With a couple of players out with the flu and another ineligible because he played in a junior varsity game, Avalon High basketball coach Bobby Carpenter had only six players for a Class 1A game against Penelope.

The shorthanded Eagles romped past Penelope 150-18 on Tuesday night, tying the worst whipping in Texas high school history with the 132-point margin of victory. Aspermont beat Mason 143-11 in 1963.

``I knew they were bad, but it wasn't what I anticipated happening,'' Carpenter said Wednesday. ``It just so happened that the six players who could play were basically my best six.

``It wouldn't have happened if I'd have had guys on the bench. I usually suit up eight or nine guys, but I just couldn't.''

The defending district champions from Avalon improved to 18-6, 4-0 in district. Penelope fell to 1-17, 0-4.

``I think they took advantage of us,'' Penelope coach Ronald Jones said. ``I think they showed poor sportsmanship. I don't think the game is played to beat someone like that.

``He should've pulled his players back. They could've run their offense for 35 or 40 seconds before shooting. ... When we tried to slow the ball down, they'd come out and put a double team on us. Does that sound like they pulled off?''

Avalon began the game using its usual full-court press defense and trying to push the ball on offense. After the first eight-minute quarter, the Eagles led 57-2.

Avalon went to a 2-3 zone defense and increased its lead to 95-8 at the half. Penelope didn't score a field goal in the third quarter and fell behind 118-9.

With three minutes left in the game, Penelope still hadn't made a second-half field goal. The drought ended with three 3-pointers, doubling Penelope's point total and avoiding the worst loss in state history.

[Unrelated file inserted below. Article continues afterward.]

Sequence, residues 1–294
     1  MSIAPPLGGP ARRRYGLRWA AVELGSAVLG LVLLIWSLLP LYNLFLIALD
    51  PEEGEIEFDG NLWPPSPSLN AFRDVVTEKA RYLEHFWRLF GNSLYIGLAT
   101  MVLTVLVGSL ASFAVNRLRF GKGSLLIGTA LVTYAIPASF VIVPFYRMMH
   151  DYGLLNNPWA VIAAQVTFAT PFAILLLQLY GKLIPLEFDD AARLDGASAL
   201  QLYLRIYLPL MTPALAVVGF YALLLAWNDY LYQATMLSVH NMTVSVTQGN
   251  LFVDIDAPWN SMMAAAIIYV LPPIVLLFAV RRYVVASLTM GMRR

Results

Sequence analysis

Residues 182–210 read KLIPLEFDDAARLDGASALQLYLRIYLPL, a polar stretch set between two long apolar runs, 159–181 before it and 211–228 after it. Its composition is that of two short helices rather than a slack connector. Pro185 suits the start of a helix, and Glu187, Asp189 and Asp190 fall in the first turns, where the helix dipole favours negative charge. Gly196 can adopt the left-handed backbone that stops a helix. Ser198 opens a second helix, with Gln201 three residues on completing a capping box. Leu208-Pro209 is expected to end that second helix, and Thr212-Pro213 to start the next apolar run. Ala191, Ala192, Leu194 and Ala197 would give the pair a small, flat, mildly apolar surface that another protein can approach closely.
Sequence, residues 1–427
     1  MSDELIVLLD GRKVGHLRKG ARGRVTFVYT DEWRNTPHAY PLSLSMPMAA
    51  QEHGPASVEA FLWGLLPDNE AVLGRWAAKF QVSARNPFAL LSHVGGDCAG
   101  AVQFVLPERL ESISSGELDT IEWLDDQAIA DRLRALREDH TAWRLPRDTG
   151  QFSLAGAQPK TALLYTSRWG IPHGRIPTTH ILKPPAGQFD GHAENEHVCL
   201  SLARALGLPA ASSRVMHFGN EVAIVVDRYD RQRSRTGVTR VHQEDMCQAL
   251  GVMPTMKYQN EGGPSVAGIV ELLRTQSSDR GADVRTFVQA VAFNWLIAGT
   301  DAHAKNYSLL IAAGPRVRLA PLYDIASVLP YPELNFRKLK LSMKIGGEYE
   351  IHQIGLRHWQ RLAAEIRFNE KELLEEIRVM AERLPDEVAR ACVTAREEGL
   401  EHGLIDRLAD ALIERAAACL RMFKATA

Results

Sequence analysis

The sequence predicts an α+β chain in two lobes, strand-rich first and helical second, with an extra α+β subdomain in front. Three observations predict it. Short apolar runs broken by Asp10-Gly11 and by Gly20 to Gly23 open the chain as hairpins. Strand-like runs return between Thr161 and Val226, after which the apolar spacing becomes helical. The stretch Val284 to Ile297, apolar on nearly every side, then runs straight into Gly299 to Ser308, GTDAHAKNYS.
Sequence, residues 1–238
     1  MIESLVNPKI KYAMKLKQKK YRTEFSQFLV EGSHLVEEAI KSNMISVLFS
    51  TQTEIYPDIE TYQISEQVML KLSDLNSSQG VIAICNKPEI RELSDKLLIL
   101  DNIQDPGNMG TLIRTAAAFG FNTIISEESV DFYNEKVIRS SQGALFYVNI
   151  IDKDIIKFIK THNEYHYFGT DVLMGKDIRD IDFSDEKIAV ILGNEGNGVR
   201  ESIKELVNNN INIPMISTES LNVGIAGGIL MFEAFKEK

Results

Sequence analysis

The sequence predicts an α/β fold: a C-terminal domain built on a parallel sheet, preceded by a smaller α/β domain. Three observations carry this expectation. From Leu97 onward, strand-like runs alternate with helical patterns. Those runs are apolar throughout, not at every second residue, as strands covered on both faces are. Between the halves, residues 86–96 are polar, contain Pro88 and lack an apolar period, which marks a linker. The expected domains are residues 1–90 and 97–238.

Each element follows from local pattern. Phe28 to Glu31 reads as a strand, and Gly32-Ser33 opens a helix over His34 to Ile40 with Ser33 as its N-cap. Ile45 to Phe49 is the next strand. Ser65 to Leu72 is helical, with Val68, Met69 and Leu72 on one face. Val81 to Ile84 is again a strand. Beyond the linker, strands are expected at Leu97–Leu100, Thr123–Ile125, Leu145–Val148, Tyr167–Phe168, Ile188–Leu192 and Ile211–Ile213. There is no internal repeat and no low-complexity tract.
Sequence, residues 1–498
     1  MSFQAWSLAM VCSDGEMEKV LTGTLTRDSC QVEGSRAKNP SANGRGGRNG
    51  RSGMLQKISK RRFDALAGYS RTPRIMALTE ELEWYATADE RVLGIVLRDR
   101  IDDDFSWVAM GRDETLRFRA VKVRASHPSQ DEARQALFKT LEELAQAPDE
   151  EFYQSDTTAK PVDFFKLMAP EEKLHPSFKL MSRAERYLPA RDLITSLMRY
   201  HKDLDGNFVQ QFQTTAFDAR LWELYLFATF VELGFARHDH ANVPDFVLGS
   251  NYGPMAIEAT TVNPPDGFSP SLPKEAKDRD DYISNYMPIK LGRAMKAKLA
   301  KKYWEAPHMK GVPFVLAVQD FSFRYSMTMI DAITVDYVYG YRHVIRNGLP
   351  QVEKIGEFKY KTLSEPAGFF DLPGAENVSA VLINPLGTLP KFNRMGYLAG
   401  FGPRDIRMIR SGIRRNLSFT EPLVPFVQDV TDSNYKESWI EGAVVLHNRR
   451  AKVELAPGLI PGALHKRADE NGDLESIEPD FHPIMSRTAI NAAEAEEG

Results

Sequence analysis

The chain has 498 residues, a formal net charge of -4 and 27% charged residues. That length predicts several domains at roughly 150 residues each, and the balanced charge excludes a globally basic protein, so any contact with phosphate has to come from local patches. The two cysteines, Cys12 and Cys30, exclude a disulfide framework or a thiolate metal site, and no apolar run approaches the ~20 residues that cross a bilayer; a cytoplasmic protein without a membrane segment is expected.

``My concern in the first quarter was to go out and play with high intensity, work up a good sweat, then get the game over with,'' Carpenter said.

``When we went to the zone, the Penelope kids shot quite a bit against it. That led to us getting rebounds. Well, we'd push the ball up the floor and Penelope wasn't running back, so we were shooting layups.''

Five of Avalon's six players outscored Penelope as the Eagles rang up the 10th-most points in state history, easily setting a school record.

``I never even thought about it being a record,'' Carpenter said. ``I thought this might happen at least once a year around the state.''

Jones said he's never seen anything like it in his 36 years of coaching high school basketball.

``I've had the power just like he had, but I had the honor to pull out and save face,'' said Jones, who has been Penelope's boys and girls coach for four years.

The schools are 25 miles apart in the area south of Dallas and north of Waco. Carpenter usually calls his scores in to both papers, but he instead decided to only tell the folks at the Corsicana Daily Sun.

``I would probably prefer it not to be a big deal,'' Carpenter said. ``Right now, it probably seems like a big deal to the kids, but I doubt they'll remember it later on.''

Carpenter said such a lopsided victory often hurts more than it helps.

``It gives us maybe a false sense of security,'' he said. ``Maybe we think we ought to be able to do that every time we play. Maybe we think we're better than we really are.

``It may motivate other teams, too. I can hear another coach telling his team to show us we shouldn't be doing that.''

Jones will get his chance to send that message Feb. 7, when the teams meet again _ in Penelope.